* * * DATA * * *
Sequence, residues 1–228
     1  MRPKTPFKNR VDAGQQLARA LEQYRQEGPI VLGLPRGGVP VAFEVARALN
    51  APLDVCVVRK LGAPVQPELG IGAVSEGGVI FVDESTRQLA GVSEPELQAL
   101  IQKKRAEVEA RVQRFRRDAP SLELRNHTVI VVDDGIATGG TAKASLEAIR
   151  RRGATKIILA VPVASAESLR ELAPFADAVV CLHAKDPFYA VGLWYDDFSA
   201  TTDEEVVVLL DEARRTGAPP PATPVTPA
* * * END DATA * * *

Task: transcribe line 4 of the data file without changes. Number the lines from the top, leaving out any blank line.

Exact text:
   101  IQKKRAEVEA RVQRFRRDAP SLELRNHTVI VVDDGIATGG TAKASLEAIR